OIF has published the eagerly awaited Implementation Agreement (IA) for the 400ZR coherent optical interface. Optical transceivers designed in accordance with the 400ZR IA are expected to have a significant impact on data center interconnect (DCI) and metro access applications.
The group began work on the 400ZR IA in 2016 at the behest of data center operators looking for an interoperable, cost-effective approach to the support of DCI links at greater than 100 Gbps (see “OIF launches coherent transmission projects”). Communications service providers became interested in such an approach as well, which led to OIF members expanding their work to accommodate both user requirements. The resulting IA covers a pair of application scenarios:
- amplified, point-to-point DWDM links with reaches of 120 km or less
- unamplified, single-wavelength links with a loss budget of 11 dB.
The 400-Gbps implementations described in 400ZR are based on single-carrier coherent DP-16QAM modulation using low-power DSPs. The DSPs support absolute (non-differential) phase encoding/decoding and leverage a concatenated FEC (C-FEC) with a post-FEC error floor of <1.0E-15. A 400ZR operates as a 400GBASE-R PHY.
“As a member-driven organization, OIF’s work toward the 400ZR IA was the combination of significant interest from network operator members and component supplier members responding to that demand,” explained Karl Gass, OIF Physical and Link Layer (PLL) Working Group – Optical vice chair. “The 400ZR IA is the culmination of this significant effort by OIF member-companies and is critical for managing cost and driving interoperability for the industry.”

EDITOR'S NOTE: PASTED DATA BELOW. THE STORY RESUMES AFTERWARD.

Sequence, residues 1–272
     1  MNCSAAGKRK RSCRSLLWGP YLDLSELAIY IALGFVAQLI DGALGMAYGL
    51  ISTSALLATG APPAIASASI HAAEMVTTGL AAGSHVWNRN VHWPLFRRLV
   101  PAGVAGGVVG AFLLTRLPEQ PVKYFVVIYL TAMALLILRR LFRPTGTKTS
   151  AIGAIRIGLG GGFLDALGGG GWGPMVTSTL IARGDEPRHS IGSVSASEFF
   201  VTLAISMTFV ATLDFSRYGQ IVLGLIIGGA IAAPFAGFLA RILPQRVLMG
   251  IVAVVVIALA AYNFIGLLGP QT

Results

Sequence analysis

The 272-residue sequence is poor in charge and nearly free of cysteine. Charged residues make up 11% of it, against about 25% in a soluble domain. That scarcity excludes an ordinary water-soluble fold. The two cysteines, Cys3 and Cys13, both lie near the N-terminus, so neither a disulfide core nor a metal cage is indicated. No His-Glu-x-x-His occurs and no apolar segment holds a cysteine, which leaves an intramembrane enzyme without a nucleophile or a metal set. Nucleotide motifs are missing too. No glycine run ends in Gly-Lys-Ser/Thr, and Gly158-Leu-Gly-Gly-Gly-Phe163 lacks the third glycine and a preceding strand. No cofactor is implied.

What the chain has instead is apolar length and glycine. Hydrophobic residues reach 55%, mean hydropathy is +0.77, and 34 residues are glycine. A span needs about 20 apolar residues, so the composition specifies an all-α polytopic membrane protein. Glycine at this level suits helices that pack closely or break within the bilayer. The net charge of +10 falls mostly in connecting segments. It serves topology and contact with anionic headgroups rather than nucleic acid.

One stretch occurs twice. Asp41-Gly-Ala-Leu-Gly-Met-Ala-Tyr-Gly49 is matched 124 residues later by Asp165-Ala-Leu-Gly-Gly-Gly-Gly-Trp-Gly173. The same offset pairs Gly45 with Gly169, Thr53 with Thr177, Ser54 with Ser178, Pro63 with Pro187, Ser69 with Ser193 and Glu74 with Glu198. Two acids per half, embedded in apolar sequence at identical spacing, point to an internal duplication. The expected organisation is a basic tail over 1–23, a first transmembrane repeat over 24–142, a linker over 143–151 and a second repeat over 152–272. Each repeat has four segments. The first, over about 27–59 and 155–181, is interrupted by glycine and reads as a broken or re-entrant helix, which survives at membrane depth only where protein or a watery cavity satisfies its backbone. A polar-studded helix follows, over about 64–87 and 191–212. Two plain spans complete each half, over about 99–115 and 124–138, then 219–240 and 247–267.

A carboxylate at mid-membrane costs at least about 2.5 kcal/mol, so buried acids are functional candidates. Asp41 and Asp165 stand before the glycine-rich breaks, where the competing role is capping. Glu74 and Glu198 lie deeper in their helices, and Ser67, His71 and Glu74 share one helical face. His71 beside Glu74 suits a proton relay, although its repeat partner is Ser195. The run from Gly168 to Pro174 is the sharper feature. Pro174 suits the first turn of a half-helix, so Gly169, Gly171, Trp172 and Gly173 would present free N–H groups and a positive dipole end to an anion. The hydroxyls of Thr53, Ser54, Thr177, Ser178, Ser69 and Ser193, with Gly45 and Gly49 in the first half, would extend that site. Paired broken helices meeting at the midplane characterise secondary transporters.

“400ZR is a key enabler of Microsoft’s regional architecture for the 400G generation,” said Mark Filer, principal optical engineer in Microsoft Azure. “The creation of a multi-vendor, interoperable coherent interface to meet these needs would not have been possible without the extensive work and cooperation of OIF members and leadership.”
The IA is form-factor agnostic, although it is anticipated that the significant majority of implementations will leverage such pluggable form factors as QSFP-DD, OSFP, CFP2, and CFP8. It is also applicable to onboard optics, including applications targeted by the Coalition for On-Board Optics (COBO). While the 400ZR IA has only just been published, vendors have already gotten a jump on demand by announcing 400ZR products (see, for example, "NeoPhotonics sampling 400ZR ClearLight OSFP coherent optical transceivers for data center interconnect," "Inphi sampling COLORZ II QSFP-DD optical transceiver for 400ZR data center interconnect," and "Acacia offers range of 400-Gbps coherent optical modules")
The document that describes the 400ZR IA is available to download from the OIF’s website.
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